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Database startup MemSQL has been on fire since it launched in mid-2012, and now it has a lot more money to keep up that momentum. The company has closed an oversubscribed series B round worth $35 million.

MemSQL, the database startup founded by former Facebook employees Eric Frenkiel and Nikita Shamgunov, has raised a $35 million series B round of venture capital. Accel Ventures led the round — which brings MemSQL’s total funding to just over $45 million — with participation from Khosla Ventures and all of the company’s existing investors.

The company has grown fast since it launched in mid-2012, Frenkiel said during a recent interview. It has racked up some big-name customers, including Zynga, Comcast and Shutterstock, and is starting to get traction in Europe and Asia, as well. At nearly 40 employees — likely to be quite a few more soon — it’s also outgrowing its original office and set to move soon.

Frenkiel chalks up MemSQL’s success so far to the fact that its database technology is designed to handle both transactional and analytic workloads fast. Comcast uses it in front of Hadoop to provide a real-time capability that Hadoop can’t, he explained, and Zynga uses it in front of Vertica to provide transaction support to the columnar system.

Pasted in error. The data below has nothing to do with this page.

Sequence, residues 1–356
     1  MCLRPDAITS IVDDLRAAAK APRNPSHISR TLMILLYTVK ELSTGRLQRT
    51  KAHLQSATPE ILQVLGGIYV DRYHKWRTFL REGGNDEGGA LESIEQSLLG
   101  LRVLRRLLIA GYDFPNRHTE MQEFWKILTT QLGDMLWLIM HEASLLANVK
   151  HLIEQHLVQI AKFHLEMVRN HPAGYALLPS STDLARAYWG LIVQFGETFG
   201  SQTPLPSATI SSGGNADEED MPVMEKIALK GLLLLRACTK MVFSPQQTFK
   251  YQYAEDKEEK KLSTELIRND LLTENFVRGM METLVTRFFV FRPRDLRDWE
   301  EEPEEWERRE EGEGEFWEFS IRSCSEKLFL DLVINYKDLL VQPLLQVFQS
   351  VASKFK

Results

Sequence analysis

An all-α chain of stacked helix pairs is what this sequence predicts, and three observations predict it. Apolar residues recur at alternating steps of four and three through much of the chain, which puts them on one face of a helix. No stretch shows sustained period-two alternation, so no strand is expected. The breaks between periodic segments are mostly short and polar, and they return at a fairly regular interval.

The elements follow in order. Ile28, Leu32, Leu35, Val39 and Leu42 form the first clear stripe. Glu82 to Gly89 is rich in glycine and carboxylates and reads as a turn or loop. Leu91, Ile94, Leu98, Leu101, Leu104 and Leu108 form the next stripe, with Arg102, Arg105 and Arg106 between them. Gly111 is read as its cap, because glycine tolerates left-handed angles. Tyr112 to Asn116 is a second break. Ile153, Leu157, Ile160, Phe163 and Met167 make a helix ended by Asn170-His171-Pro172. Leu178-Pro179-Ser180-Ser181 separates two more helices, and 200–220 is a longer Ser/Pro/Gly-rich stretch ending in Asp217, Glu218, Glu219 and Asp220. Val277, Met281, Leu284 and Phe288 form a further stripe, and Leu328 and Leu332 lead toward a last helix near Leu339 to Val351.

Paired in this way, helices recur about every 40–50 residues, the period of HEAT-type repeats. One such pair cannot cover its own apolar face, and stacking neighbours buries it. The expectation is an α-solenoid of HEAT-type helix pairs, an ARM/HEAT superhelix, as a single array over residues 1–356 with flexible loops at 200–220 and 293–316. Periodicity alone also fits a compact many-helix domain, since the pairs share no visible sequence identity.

“We think disk is the new tape and RAM is the new disk,” he said. That’s still a pretty controversial statement in the word of bulk data storage, but it’s probably true in a database market where speed has always been critical. And if flash storage systems catch on for primary storage like investors believe they will, companies looking for the edge in speed department will have to look to RAM.

MemSQL is also one of a handful of relational database vendors trying to capitalize on the success — and shortcomings — of MongoDB by integrating JSON support into its system. MongoDB works well for serving up data to web applications, but it lacks the types of analytic features that SQL users have come to know and love.

The decision to support JSON, Frenkiel said, “is a function of really listening to the developers and what they want.”

To learn more about MemSQL, check out this video interview with Frenkiel and this feature about the company’s roots and underlying strategy.

Feature image courtesy of Shutterstock user semisatch.

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  1. A majority of databases have not been good at both transactional and analytic workloads without a lot of landholding. It might be better to specialize in one one workload. I am interested in seeing where MemSQL ends up on this spectrum.

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